*Next comes "Ruled in Rage," which is approximately a fifth written right now. It's Grendel's origin story--how he adopts the name, how he meets his right hand Alexander Matthews, and how he begins to walk the trail of blood that will someday make him the ruler of the known world. Although he's in his teens, we'll see a lot of the traits that mark him in middle age--his cunning, his lechery, etc. The title is an allusion to Beowulf, which is heavily tied into the Wastelands' series overarching plot.

*The third novella is tentatively titled "A Valkyrie Is Born," but that's probably going to change. The Valkyries are part of Norse mythology and thus more associated with Grendel and his Sejeran (Norse) allies, plus the title is a bit on the long side. This is a story of Alyssa Carson, Andrew's love interest from the first book, and her family's...grotesque...encounter with the cannibalistic Flesh-Eating Legion after the fall of the Merrills.

*Alternatively, the third novella could be "A Creature of the Fall." This one takes place over a decade before Battle and will feature Alonzo Merrill in his very early teens and his serious-minded elder brother John. There will be battle with the Flesh-Eaters, a great big hint as to what happened to end the Old World, and perhaps the dirigible bombing of the Flesh-Eater capital that gives their overlord Jasper Clark such a massive grudge against the Merrills.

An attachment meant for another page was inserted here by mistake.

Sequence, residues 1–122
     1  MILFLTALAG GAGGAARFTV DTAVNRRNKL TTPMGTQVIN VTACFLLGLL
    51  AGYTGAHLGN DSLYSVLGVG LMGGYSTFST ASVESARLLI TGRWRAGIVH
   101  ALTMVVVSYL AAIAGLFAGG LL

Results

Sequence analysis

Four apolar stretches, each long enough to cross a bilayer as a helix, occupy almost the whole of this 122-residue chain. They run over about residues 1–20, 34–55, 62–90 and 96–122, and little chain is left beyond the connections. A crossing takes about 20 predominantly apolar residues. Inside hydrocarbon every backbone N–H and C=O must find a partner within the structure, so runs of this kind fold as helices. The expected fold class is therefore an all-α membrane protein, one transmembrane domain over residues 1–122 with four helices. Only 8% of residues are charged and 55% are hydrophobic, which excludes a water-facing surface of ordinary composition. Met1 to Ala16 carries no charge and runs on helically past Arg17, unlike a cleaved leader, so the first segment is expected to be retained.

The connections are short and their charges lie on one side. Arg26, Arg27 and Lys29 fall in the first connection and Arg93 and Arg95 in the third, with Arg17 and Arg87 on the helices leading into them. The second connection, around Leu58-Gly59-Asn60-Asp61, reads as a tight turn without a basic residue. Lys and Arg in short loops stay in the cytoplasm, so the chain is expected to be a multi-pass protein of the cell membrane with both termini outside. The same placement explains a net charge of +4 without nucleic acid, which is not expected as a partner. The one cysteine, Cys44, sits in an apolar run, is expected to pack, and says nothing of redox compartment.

Given the potential for some of these stories to grow into full novels (most likely to happen with "Ruled"), having different options for the third novella is always a good idea. I could make a package of four--two stories from the villains and two from the heroes--but that'd risk it getting too long. Realistically I'd probably save "Creature" for a future installment, especially since including an Alyssa story would prevent the collection from being a boys' club and I want to foreshadow the reason for the Fall closer to the final book.

Tuesday, February 18, 2020

Myopia, Patreon, and "How I Would Have Done It"

As most of you know, I am a regular participant in the film podcast Myopia: Defend Your Childhood, now in its fifth-ish year. In order to get the podcast to its next level, we've created a Patreon with lots of different rewards. Reward tiers include access to exclusive series on the James Bond and Alien franchises, exclusive one-off episodes like one on the James Bond film soundtracks, live riffs on movies like we did late last year with The Black Cauldron, and for the top-paying patrons, picking movies for us to do episodes on.

All patrons, however, will receive the monthly newsletter "Myopia Prescription." A major feature of that newsletter will be a monthly long-form article from me. February 2020's article was how I would have done The Guyver, which draws heavily on ideas from my review of the first one and my review of the second one. The next one, slated for March, will be how I would have done The Last Starfighter. Other "how I would have done its" for further out include the 2007 live-action Transformers, the 1990s live-action Mortal Kombat, and the original Friday the 13th from the 1980s.

(New patrons can access the newsletters and bonus episodes from earlier months, so if you're finding this now, don't worry about it.)

These "how I would have done it" film treatments will be longer (both the Transformers and TLS ones are 2,500 to 3,000 words long) and more detailed than the "how I would have done it" blog posts like this one on Friday the 13th VII, although I will still structure them in the three-act format.